By Jim Kerstetter
After three years on an earnings merry-go-round, you would think tech investors might have figured out the pattern: Flush from a healthy fourth quarter, most tech companies started this year with rosy forecasts. Market prognosticators piled on, said things were looking up, and then investors raced in -- only to get slammed by disappointing first-quarter results.
IBM (IBM ), the tech industry's rock-steady giant, delivered the biggest disappointment of all on Apr. 14, when it said first-quarter profits from continuing operations came to $1.41 billion, about 5% less than Wall Street's expectation. Revenues were $22.9 billion, also below what was anticipated.
But don't be too hard on Big Blue. It's not alone. The entire tech industry may be undergoing a structural shift toward cheaper computing. What required a multimillion-dollar mainframe a decade ago can now be accomplished with a server computer that costs $1,000, says Mark Stahlman, an analyst at investment bank Caris &Co. It's interesting to note that sales of IBM's so-called blade servers -- little stackable machines that can be bought as needed -- grew 70% in the last quarter, while mainframe sales shrank 16% (see BW Online, 4/18/05, "The Old IT Is Dead. Long Live the New").
Open-source software is also giving customers a low-cost alternative to systems that once commanded top dollar. "People are clearly figuring out ways to achieve the same or greater results with less tech spending because of open-source, low-cost servers, and the high productivity of their [IT] staff," says Scott Lien, vice-president for products and technology at ePredix, a Minneapolis (Minn.) company that provides software as a service over the Internet.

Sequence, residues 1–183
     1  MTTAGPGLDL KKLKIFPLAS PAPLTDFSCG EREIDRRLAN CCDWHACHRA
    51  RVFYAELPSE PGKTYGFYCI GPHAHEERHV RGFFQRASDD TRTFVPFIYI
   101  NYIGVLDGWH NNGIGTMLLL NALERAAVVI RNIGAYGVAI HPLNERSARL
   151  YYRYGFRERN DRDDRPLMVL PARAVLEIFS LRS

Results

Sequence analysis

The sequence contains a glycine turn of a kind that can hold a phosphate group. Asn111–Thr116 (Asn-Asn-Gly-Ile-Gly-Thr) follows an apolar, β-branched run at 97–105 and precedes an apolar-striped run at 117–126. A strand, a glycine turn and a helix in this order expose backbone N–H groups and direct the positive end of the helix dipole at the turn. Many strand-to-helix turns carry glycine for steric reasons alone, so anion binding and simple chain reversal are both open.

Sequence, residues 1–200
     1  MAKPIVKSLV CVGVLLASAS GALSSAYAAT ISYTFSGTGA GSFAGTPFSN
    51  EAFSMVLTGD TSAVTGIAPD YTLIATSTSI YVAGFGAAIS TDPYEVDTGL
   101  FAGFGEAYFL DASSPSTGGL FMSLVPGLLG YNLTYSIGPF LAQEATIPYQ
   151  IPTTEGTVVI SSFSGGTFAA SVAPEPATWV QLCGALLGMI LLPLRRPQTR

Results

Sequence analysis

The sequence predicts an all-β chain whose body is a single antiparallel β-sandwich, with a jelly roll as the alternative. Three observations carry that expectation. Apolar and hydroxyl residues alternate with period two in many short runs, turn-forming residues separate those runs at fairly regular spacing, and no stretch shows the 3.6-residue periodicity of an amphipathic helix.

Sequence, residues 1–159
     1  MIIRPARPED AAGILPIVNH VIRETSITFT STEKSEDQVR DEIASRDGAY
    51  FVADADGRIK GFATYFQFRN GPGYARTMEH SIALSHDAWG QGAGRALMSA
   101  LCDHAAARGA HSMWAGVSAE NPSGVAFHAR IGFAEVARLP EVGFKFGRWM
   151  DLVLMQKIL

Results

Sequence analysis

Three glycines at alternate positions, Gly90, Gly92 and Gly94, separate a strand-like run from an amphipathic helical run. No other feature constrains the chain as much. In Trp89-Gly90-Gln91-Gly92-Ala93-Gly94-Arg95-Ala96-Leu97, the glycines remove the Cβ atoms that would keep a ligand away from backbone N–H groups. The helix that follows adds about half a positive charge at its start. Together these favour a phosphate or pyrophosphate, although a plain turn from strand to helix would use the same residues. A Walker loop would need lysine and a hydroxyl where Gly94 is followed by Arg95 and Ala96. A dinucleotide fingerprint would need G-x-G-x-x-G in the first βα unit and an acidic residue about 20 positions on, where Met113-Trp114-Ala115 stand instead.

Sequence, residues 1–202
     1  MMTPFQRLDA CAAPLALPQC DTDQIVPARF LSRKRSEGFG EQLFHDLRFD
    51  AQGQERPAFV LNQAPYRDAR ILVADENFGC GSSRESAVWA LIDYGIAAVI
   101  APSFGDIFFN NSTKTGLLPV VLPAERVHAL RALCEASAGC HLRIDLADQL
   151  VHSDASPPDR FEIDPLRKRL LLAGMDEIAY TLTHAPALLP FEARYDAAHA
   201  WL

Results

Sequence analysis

The week of Apr. 18 will be telling, as tech stalwarts such as Intel (INTC ), Google (GOOG ), Yahoo (YHOO ), and SAP (SAP ) report earnings. Analysts will be watching to see if demand is slackening along with prices. So far, no clear trend is evident. On Apr. 15, market researchers at IDC said worldwide PC shipments increased 10.9% from a year ago, to 46.1 million, during the first quarter.
Certainly, some larger economic issues are in play here. IBM, business software maker Siebel Systems (SEBL ), and other tech companies that came up short in the first quarter all said they had difficulty closing deals toward the end of that period. Rising oil prices, fears of inflation, and the weak dollar probably all played their parts. And over the last few years corporate tech buyers increasingly have been delaying their purchase until the fourth quarter, when they're confident their budgets won't get slashed.
But what exactly are they buying? The answer, increasingly, is cheaper stuff, whether its servers and PCs from Dell (DELL ) or software from Red Hat (RHAT ), which distributes a version of the Linux open-source operating system. Prices on servers have dropped 6% over the last 12 months, Smith Barney analyst Richard Gardner wrote in a report.
That deflation was one of the biggest reasons computer maker Sun Microsystems (SUNW ), which has suffered at the hands of low-cost competitors for years, missed Wall Street's first-quarter sales expectations, Gardner wrote. It's "all part of the natural evolution of a maturing industry as people figure out how to do things in a more efficient and cost-effective way," says Lien.
In that sort of deflationary market, a drop in demand, no matter how slight, can cause even healthy companies like IBM to come up short.
What's not so clear is how far these problems extend into tech sales to consumers. Apple Computer (AAPL ) on Apr. 13 announced yet another blowout quarter, thanks mostly to sales of its iPod digital music player. But in South Korea, consumer-electronics giant Samsung reported a 52% profit drop as prices of liquid-crystal displays and computer memory chips plummeted.
If the slowdown really does extend into consumer sales, this year of high expectations could turn out to be another in a line of dreary periods for the tech industry.
Kerstetter is Technology editor for BusinessWeek Online in Silicon Valley
Edited by Roger Franklin